Never underestimate the power of peer pressure. Kids often have an overwhelming need to belong and would often do things against their better judgment when faced with a challenge from friends as a show of loyalty. It is always a good idea to get to know your kids’ friends and become friends with them and their families as well.

Warning signs

Drug abuse is never without warning signs. Parents just need to be aware what to look for:

if their teenagers suddenly have a new set of friends it wouldn’t hurt to ask about the old ones;
if school performance suddenly becomes erratic when they used to do consistently well before;

if they lose interest in their usual extra-curricular activities and hobbies

if they become paranoid, overly aggressive or defensive about their things and their activities;

if their grooming habits change; they reek of alcohol/marijuana or become heavy users of mouthwash or perfumes to mask the smell of alcohol/marijuana;

sudden weight loss or weight gain, marked change in sleeping and eating habits;

if they begin borrowing or stealing money

if they start frequenting the doctor’s clinic for various medical issues to ask for new prescriptions

Act fast

If you spot warning signs, it is best to act on them fast before things get worse. Adolescent brains are still developing and this process gets arrested by early exposure to alcohol or prescription drugs or illegal drugs. Long-term health consequences are never good and are best prevented from progressing. Acting fast does not mean forcing your child to take a drug test just because they start hanging out with someone you don’t know. Acting fast in this case means asking about this new friend right away, not after several weeks when your child is already exhibiting some behavioral changes.

References:

http://www.philly.com/philly/blogs/healthy_kids/Expert-advice-on-dealing-with-prescription-drug-abuse-in-teens.html

http://thecyn.com/teen-drug-rehab/prescription-drug-use/

http://nhpeoplecare.org/what-you-can-do/

Teenage Prescription Drug Abuse

Monday, February 11th, 2013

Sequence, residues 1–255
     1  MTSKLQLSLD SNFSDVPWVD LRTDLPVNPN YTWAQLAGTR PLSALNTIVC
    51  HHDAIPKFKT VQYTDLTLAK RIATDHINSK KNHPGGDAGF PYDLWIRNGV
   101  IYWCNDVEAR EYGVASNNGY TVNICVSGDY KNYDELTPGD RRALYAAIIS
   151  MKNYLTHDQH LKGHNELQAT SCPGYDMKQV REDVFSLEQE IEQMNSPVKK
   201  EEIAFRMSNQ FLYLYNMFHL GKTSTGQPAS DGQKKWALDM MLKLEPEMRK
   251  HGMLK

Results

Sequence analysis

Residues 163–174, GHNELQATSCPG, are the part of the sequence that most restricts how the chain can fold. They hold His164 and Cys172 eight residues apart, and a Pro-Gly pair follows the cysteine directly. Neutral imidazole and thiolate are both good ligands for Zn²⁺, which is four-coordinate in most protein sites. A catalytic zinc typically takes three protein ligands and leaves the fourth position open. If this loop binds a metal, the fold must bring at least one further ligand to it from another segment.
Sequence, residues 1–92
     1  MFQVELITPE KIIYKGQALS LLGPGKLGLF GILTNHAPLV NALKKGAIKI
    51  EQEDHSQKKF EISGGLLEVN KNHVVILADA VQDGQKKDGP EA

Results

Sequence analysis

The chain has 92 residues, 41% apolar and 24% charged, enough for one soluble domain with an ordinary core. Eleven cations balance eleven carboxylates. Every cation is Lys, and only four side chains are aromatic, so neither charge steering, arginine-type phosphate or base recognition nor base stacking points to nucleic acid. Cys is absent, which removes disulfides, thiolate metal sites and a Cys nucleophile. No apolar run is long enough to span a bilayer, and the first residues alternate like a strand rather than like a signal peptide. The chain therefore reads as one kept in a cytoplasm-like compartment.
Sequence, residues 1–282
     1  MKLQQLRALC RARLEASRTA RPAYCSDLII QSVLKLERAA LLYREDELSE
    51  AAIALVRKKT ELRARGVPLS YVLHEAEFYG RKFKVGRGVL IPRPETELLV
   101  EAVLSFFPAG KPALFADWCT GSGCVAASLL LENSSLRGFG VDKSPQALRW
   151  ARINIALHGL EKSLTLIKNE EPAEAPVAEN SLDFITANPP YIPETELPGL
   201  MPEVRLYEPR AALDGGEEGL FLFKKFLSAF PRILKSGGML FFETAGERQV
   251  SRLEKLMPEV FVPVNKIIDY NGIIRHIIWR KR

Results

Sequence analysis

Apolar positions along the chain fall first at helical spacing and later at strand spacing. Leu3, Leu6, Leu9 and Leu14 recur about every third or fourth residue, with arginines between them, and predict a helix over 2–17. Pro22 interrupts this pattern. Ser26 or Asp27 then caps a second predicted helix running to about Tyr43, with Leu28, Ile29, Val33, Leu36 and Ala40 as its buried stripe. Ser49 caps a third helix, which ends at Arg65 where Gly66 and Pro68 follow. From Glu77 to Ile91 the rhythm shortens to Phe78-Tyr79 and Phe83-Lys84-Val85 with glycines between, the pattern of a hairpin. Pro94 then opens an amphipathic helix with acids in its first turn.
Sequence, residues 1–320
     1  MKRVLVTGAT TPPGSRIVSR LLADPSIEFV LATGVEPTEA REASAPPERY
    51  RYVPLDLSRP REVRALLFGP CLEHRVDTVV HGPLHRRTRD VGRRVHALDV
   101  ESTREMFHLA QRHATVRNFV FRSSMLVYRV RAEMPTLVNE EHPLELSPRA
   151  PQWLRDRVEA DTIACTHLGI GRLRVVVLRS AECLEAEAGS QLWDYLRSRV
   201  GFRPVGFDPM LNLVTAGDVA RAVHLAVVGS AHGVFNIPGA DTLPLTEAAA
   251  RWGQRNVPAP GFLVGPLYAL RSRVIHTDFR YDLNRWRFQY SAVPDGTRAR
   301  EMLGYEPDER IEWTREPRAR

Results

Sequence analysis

Prescription drug abuse occurs when medicines are taken without a doctor’s prescription or are taken in dosages not advised by the doctor. This is becoming a common practice among teenagers and reasons for indulgence include getting high, treating mild pain or nervousness, weight loss etc. Examples of prescription drug abuse include drinking cough medicine from the medicine cabinet at home and taking pain killers meant for parents. Over the years, teenage prescription drug abuse has become a major cause of concern. In the last 10 year period itself, there has been an 85% increase in prescription drug related deaths in the US [1]. With more than one-third of prescription drug users being teenagers, the number of teenage deaths has also been on the rise.

Commonly abused prescription drugs

Commonly abused prescription drugs can be divided into 3 broad categories:

  • Opioids or pain relievers – This includes drugs like Fentanyl (strong pain killer used in post surgery pain), Morphine (powerful painkiller and highly addictive), Oxycodone HCL (pain reliever for alleviating moderate to severe pain) and Codeine [2]. These drugs go by street names such as Hillbilly heroin, Percs, Happy Pills, Vikes etc.
  • Central nervous system depressants – This includes tranquilizers like Barbiturates, Benzodiazepine (found in Valium), Flunitrazepam and sedatives like Zolpidem and Zaleplon. Their street names are Candy, Downers, Barbs, Red birds, Phennies, A-minus, Zombie pills etc. [3]
  • Stimulants – This includes anti depressants like Amphetamines (used for treating ADHD and sleeping disorders like narcolepsy), Dextroamphetamine and Methylphenidate. Common street names include Skippy, Vitamin R, Bennies, Black Beauties, Speed, Uppers etc.

Harmful effects of prescription drug abuse

Prescription drugs have many harmful effects which can cause permanent damage and even death.

  • Opioids like Codeine cause difficulty in breathing and swallowing, irregular heart beat and seizures in extreme cases. Morphine is a highly addictive drug which can cause psychological changes. Serious side effects include depression, unconsciousness and death. Fenatynyl can cause weakness, drowsiness, fainting and coma.
  • Central Nervous System Depressants like Barbiturates cause paranoia, high degree of excitability or irritation, suicidal thoughts and memory impairment. Benzodiazepines can disrupt motor senses, cause lethargy, impair memory, cause vertigo, stuttering, constipation, lack of hunger, vomiting etc.
  • Stimulants – They are highly addictive as they mimic the reaction caused by other illegal drugs. Amphetamines can cause panic attacks, delirium and even heart failure. Methylphenidate can cause high blood pressure, paranoia, psychosis, heart problems and strokes.

Signs of teenage prescription drug abuse